Thursday, December 26, 2013

Truman and the Bomb, Part 2

Truman and the Bomb, Part 2
P. Schultz
December 26, 2013

"The greatest pleasure is to vanquish your enemies and chase them before you, to rob them of their wealth and see those dear to them bathed in tears, to ride their horses and clasp to your bosom their wives and daughters.” Genghis Khan

            For a fascinating, if excruciatingly detailed, account of the decision to drop two A bombs on Japanese, for the ostensible purpose of ending World War II and saving the lives, allegedly, of a million human beings, both American and Japanese, read Gar Alperovitz’s The Decision to Use the Atomic Bomb and the Architecture of an American Myth. In summary, Alperovitz argues convincingly that the myth that the bombs were needed to avoid an invasion of the Japanese homeland, an invasion that would claim the lives of, say, a million Americans and Japanese is just that, a myth, and one that was propagated with purpose after the war. Former Secretary of War Henry Stimson wrote, with the aid of George McBundy, an article for Harpers magazine that stifled almost all criticism of Truman’s decision to drop not one, but two atomic bombs on Japan.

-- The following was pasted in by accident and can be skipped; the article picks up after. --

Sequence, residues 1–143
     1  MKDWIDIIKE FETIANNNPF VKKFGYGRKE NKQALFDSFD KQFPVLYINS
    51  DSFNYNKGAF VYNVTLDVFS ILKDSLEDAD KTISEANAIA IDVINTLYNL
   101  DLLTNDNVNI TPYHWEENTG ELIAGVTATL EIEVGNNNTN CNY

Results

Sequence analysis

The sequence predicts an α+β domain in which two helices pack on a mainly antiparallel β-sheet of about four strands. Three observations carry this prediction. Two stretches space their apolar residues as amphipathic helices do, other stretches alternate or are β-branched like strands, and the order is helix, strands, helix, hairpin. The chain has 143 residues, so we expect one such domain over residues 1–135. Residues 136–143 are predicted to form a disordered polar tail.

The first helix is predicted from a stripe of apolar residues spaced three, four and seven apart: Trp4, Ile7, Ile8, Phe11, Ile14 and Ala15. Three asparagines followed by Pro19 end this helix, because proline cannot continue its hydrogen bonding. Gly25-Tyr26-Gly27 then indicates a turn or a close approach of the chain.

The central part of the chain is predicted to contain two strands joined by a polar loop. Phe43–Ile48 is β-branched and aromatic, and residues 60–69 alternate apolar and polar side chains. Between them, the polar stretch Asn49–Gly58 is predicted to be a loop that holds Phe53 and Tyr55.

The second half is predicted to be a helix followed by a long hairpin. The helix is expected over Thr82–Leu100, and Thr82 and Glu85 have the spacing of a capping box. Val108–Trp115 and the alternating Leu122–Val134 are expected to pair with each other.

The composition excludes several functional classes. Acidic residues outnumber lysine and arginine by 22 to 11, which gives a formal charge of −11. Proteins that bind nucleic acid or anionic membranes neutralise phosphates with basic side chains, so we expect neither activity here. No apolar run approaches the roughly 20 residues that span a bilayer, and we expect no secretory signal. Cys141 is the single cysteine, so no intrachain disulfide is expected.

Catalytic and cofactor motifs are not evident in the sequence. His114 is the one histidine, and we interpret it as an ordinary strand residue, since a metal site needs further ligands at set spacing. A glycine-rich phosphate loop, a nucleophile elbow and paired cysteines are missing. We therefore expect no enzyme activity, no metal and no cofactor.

And another factor that influenced Truman to use the bomb was his desire to be able to dictate the terms of the post-war peace, especially with regard to the terms of that peace with the Soviet Union. In fact, the first time Stimson informed Truman of the existence of the Manhattan project was in the context of his conducting diplomacy with the Soviets and not in the contest of ending the war with Japan.

            And while this is all very interesting, it seems to me that Alperovitz overlooks one possible motivation Truman may have had, that which is illustrated by the quote above which has been attributed to Genghis Khan. There is pleasure in what might called “righteous killing,” killing of those who deserve it, killing that is, in the strictest possible sense, justified! Was this among Truman’s motivations? It is, of course, impossible to say with certainty. But it seems to me that when a man describes his enemy as beast-like, as despicable, then there is a good chance that their killing would be perceived as righteous.

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